Types of Indian Animals
Indian animals can be grouped into two categories. They are wild animals and pet animals. These categories are described below.
Wild animals found in the country are innumerable. Some of them are tiger, lion, elephant, rhinoceros, deer, leopard, clouded leopard, black bear, monkey, panda, hyena, wild boar, camel, chinkara, Himalayan tahr, abarimon, black buck and horse. Royal Bengal tiger is the largest living member of the big cat family. Its solid body structure truly gives it a royal look. India had over 40000 tigers in the beginning of the 20th century. The count of tigers was 1,411 in the year 2006. This count increased to 1,706 in the year 2011, which further increased to 2,226 in the year 2014. The records of World Wildlife Fund and Global Tiger Forum highlighted 3891 wild tigers in the year 2016. Lions had played a major role in the symbols and folklore of Indian culture for over 2000 years. Asiatic lion was once widespread throughout southwest Asia. At present, this species can only be found in a single location in the wild, that is, the Gir forest in India. Indian elephant is one of the three subspecies of Asiatic elephant. Over the last 60 to 75 years, its population has reduced by at least 50 percent. Indian rhinoceros is native to India. Unlike others, Indian rhinoceros has only one horn. The count of Indian rhinoceros ranged from 1,870 to 1,895 in the early 1990s. The count increased to 3,555 in 2015. Indian deer is a member of the Cervidae family. There are several species of deer found in India like hog deer, musk deer and barking deer. Sambar deer is the largest species of deer native to India.
Pet animals are kept at homes for companionship and enjoyment, as opposed to livestock, laboratory animals and sport animals, which are kept for economic reasons. Some of the common Indian pet animals are dogs, cats and rabbits.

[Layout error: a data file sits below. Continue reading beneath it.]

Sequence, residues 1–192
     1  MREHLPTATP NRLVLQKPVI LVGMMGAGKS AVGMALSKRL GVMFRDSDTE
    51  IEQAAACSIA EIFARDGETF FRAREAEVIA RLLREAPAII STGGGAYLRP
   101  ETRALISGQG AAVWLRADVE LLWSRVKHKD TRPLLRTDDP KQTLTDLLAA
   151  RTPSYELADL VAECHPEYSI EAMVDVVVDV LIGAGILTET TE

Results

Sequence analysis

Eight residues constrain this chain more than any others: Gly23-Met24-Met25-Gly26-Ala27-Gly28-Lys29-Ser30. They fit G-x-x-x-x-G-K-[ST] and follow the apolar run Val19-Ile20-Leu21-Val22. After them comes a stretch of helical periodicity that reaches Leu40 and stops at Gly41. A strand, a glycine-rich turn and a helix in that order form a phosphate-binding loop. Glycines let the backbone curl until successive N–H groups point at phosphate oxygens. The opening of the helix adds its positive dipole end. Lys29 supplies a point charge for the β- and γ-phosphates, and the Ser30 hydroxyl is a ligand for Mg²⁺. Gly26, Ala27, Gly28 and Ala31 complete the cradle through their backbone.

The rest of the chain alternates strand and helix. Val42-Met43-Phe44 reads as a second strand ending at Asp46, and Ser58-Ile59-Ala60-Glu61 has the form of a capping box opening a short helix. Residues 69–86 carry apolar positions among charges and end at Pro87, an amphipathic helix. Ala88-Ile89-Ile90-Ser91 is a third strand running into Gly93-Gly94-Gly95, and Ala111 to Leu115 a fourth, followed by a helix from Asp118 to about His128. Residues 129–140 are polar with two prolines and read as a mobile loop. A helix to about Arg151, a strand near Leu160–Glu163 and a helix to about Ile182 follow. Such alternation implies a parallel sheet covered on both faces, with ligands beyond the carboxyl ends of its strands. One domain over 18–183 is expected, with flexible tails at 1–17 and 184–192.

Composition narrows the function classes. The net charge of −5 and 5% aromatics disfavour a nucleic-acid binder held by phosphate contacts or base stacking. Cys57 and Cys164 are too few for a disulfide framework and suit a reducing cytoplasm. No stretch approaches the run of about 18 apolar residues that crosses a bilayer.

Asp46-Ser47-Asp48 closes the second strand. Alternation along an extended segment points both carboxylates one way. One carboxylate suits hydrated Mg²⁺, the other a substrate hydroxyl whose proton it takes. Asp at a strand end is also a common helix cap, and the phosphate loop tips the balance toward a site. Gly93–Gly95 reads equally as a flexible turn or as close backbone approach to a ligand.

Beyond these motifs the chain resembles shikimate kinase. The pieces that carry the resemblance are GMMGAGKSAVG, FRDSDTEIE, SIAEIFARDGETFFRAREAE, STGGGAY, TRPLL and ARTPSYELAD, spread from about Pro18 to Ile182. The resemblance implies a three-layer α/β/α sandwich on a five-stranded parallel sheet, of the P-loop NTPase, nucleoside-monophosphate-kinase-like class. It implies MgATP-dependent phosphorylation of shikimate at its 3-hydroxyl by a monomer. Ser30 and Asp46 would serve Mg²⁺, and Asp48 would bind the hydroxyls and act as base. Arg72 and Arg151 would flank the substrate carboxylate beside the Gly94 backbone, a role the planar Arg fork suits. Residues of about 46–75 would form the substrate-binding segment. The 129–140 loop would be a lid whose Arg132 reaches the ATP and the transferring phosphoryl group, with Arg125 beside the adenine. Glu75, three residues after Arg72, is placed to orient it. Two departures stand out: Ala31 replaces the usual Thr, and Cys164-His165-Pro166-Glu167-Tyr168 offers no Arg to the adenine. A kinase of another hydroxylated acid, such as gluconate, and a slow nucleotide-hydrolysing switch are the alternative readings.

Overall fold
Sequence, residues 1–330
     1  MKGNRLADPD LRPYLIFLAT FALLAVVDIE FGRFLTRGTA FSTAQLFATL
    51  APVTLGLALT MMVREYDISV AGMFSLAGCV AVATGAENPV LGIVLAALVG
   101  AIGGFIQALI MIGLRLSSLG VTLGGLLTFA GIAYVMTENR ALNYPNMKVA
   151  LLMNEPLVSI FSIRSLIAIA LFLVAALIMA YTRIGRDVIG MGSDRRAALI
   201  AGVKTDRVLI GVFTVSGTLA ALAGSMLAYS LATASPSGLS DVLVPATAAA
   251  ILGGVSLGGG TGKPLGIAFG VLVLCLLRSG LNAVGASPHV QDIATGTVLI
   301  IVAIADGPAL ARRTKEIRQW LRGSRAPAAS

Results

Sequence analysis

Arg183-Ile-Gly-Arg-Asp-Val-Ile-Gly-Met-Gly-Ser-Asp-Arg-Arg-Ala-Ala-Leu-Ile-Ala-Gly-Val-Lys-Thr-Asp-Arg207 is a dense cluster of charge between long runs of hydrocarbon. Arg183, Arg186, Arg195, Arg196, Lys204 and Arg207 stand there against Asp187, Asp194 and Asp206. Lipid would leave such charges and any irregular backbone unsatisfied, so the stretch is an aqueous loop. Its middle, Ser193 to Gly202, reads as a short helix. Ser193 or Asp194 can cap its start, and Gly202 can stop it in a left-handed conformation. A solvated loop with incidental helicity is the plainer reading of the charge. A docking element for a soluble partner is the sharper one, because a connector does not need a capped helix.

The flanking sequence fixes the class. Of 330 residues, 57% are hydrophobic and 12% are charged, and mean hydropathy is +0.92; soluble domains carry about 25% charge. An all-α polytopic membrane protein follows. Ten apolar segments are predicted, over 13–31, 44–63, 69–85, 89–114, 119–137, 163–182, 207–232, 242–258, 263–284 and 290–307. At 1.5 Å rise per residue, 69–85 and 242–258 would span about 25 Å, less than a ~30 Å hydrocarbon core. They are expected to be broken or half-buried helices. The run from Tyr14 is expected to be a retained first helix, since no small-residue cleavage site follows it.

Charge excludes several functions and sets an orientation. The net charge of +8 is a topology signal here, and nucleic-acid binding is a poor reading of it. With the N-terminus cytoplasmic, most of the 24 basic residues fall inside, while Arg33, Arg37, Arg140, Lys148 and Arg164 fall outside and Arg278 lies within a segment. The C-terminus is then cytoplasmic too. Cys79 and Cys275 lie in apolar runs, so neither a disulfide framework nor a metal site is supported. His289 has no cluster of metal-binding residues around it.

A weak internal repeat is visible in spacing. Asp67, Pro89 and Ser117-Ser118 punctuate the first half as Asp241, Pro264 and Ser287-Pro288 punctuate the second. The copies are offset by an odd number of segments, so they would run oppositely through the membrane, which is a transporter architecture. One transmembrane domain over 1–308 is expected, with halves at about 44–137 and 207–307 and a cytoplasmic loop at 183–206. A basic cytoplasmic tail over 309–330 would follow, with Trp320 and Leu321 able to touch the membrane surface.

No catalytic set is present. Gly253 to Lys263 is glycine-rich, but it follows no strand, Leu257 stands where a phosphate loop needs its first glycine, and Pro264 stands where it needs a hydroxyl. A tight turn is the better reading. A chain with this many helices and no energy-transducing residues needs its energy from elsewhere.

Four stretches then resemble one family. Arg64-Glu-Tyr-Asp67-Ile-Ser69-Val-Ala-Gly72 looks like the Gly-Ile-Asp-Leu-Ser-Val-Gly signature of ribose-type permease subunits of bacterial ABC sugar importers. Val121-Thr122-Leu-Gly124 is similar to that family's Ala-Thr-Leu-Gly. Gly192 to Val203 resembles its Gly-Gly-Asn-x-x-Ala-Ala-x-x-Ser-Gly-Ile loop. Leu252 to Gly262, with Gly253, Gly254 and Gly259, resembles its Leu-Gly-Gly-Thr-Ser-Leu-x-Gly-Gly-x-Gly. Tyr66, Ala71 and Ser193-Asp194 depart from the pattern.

Endangered Indian Animals
Endangered species is the population of an organism, which is at the risk of becoming extinct because it is either
(a) Few in number or
(b) Threatened by changing environmental or predation parameters.
The high rate at which species have become extinct within the last 150 years is a cause of concern. While species are evolving and becoming extinct on a regular basis for the last several 100 million years, recent rates of extinction are many times higher than the typical historical values. This is a great cause of concern as extinction not only leads to the loss of a species as a biological entity, but also affects human life and leads to destabilization of the ecosystem. Some of the endangered species of India are Asian elephant, Siberian tiger, golden leopard, lion-tailed macaque and royal Bengal tiger.
Threats to Indian Animals and their Conservation
There has been in the recent years an increasing threat to the wildlife of India, mainly due to human encroachment in the form of hunting and poaching. For example, elephant is born in the wild, but is caught by men and tamed. Thus, some species reached the brink of extinction, while some others became critically endangered. Consequently, a number of protected areas like national parks, wildlife sanctuaries, biosphere reserves, tiger reserves and elephant reserves were set up for the protection of Indian animals. Laws have also been framed to conserve Indian animals.